Labour and Socialism: A History of the British Labour Movement, 1867-1974

By James Hinton | Go to book overview

during the early 1890s was the growth of the Labour Churches. Led by John Trevor, a Manchester Unitarian, who thought he saw God working through the labour movement as once He had worked through the Christian Churches, the Labour Church movement supplied a staging post on the road to secular socialist politics for many people alienated from nonconformity by its bourgeois aura and its identification with the Liberal Party.

Robert Blatchford, whose Merrie England was one of the most popular socialist texts of all time, captured the essence of ILP socialism: 'I think that the best way to reallse Socialism is -- to make Socialists. . . . Give us a Socialistic people, and Socialism will accomplish itself.' 13 Questions of strategy and tactics paled into insignificance beside the propagandist mission -- 'to make Socialists'. Propaganda for the socialist ideal was, indeed, of primary importance. But, in practice, no socialist party beyond the merest sect could escape the need to intervene in the everyday struggles of the working class. Within the ILP, ethical socialism served as a substitute for any coherent attempt to relate the practical politics of the party to its socialist goals. This left the leadership of the party with considerable freedom of political manoeuvre -- a freedom from any constraints of socialist principle. In this way the ethical socialism of the 1890s paved the way for the subordination of the socialist movement to trade unionism and to the New Liberal revival after 1900.


Notes
1
E. P. Thompson, William Morris, London 1977, p. 125.
2
G. S. Jones, Outcast London. A Study in the Relationship Between Classes in Victorian Society, Oxford 1971, p. 293.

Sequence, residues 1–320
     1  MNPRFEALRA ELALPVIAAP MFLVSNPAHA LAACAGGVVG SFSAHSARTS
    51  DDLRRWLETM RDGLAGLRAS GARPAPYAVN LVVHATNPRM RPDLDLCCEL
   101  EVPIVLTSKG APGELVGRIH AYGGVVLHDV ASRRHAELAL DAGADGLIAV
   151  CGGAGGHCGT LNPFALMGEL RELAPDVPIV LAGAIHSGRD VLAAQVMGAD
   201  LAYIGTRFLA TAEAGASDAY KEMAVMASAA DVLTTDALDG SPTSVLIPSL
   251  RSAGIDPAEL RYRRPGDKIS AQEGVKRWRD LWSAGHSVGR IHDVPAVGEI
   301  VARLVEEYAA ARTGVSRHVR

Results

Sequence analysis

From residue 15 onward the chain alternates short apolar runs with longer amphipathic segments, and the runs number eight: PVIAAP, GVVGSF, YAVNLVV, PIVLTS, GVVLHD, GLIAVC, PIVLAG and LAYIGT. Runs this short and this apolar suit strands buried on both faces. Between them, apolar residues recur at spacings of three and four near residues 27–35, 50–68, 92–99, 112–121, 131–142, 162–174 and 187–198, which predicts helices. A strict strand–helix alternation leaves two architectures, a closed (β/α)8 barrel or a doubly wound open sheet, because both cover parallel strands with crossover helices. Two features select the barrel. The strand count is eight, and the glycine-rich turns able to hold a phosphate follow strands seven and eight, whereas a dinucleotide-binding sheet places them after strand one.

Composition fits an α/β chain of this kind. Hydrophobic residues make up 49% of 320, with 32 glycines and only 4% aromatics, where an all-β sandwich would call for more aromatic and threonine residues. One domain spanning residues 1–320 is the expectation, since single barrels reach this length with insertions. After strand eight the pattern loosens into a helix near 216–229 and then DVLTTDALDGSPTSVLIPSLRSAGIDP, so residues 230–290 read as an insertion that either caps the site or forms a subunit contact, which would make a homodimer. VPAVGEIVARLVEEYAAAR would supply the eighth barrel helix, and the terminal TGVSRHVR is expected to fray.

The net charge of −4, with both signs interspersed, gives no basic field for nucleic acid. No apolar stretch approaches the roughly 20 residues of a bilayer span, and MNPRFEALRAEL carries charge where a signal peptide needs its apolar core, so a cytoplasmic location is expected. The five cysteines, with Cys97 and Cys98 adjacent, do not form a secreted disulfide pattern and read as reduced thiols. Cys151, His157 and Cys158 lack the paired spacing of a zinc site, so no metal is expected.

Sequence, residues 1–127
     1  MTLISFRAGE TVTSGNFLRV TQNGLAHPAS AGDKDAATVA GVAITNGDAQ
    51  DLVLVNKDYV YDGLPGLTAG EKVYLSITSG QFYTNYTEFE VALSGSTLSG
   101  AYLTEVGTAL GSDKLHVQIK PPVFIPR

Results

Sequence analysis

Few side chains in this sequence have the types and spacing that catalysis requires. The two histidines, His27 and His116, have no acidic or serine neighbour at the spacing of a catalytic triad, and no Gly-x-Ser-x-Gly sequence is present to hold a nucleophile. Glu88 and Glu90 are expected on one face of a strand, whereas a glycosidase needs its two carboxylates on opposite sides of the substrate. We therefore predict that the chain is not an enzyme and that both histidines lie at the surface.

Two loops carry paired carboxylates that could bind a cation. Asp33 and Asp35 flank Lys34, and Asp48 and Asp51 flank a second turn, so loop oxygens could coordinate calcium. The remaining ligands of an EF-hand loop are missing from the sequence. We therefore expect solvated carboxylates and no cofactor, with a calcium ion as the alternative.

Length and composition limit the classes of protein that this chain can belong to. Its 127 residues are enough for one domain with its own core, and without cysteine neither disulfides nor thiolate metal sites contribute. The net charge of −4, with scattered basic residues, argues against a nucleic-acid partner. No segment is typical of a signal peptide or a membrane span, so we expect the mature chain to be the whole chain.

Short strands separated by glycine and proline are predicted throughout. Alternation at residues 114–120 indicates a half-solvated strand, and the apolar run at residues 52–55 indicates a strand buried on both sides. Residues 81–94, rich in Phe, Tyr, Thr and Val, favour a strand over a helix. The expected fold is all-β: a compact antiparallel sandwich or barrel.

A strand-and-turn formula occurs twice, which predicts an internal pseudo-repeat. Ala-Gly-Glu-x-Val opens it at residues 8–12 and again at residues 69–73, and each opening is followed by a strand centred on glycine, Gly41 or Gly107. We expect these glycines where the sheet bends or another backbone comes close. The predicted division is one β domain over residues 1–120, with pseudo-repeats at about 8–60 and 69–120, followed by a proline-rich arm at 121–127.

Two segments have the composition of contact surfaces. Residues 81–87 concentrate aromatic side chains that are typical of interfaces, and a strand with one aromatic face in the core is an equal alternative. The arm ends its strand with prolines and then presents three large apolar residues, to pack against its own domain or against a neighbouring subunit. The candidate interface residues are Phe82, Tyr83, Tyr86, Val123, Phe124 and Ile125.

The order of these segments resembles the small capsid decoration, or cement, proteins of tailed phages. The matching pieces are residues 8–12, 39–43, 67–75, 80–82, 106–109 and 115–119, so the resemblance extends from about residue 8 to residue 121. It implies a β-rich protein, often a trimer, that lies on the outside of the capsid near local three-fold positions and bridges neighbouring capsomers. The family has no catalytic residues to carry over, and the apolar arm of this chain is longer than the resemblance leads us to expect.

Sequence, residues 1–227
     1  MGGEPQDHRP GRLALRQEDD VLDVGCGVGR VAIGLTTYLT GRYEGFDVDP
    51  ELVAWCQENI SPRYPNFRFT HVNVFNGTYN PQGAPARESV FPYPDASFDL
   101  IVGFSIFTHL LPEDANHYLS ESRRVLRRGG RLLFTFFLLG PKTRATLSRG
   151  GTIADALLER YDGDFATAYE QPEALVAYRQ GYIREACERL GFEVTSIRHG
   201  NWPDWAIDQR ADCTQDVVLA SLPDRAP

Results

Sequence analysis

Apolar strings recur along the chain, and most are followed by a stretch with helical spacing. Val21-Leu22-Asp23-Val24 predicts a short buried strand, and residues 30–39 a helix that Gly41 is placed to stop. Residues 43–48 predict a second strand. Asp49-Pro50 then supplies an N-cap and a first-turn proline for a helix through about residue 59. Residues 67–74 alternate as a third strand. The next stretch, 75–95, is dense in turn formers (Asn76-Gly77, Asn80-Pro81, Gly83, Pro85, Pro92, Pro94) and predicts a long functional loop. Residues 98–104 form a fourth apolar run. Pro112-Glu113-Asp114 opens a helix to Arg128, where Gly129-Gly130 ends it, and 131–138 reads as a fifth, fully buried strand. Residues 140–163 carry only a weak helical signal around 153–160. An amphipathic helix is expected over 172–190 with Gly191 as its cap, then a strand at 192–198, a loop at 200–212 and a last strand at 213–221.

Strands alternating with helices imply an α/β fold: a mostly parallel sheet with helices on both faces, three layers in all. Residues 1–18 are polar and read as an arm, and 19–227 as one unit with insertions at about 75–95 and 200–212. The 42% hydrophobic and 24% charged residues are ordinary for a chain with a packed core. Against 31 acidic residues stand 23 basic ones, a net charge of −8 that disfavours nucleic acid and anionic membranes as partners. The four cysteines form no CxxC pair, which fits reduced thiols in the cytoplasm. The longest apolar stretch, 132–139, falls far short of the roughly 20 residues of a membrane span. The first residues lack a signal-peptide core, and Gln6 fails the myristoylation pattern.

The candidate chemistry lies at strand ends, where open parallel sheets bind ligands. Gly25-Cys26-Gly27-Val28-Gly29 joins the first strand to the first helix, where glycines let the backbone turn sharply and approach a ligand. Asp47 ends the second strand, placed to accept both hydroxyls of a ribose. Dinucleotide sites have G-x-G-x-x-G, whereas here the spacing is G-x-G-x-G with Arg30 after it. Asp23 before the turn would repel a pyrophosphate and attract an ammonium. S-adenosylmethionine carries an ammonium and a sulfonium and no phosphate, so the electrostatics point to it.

3
Thompson, op. cit., pp. 409-10.
4
H. Llewllyn Smith and Vaughan Nash, The Story of the Dockers' Strike, London 1889, pp. 94-5.
6
H. Collins, "'The Marxism of the SDF'", in A. Briggs and J. Saville (eds), Essays in Labour History, vol. 2, London 1971, p. 55.
7
K. D. Buckley, Trade Unionism in Aberdeen, 1878-1900, Edinburgh 1955, p. 82.
8
Thompson, op. cit., 1955, p. 528.
9
H. Pelling, The Origins of the Labour Party, Oxford 1954, p. 95.
10
P. Thompson, "Socialists, Liberals and Labour". The Struggle for London, 1885-1914, London 1967, p. 51.
11
"Tom Mann and Ben Tillett", The New Trades Unionism, London 1890.
12
Statement by a leader of the West Ham SDF in 1901, in S. Pierson, Marxism and the Origins of British Socialism, London 1973, p. 255.
13
Robert Blatchford, Merrie England, London 1908, p. 243.

-63-

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Labour and Socialism: A History of the British Labour Movement, 1867-1974
Table of contents

Table of contents

  • Title Page iii
  • Contents v
  • Abbreviations vi
  • Introduction vii
  • 1 1
  • Notes 23
  • 2 - Society, Politics and the Labour Movement, 1875-1914 24
  • 3 - Socialism and the New Unionism, 1884-95 40
  • Notes 63
  • 4 - The Labour Alliance, 1895-1914 64
  • Notes 82
  • 5 - The Labour Unrest, 1910-14 83
  • Notes 95
  • 6 - The Impact of War, 1914-21 96
  • Notes 117
  • 7: Working-Class Organisation Between the Wars 119
  • 8 - Labour Government and General Strike, 1924-31 131
  • Notes 147
  • 9 - The Thirties 148
  • Notes 160
  • 10 - Labour and the Nation, 1939-51 161
  • Notes 178
  • Notes 200
  • Further Reading 201
  • Index 207
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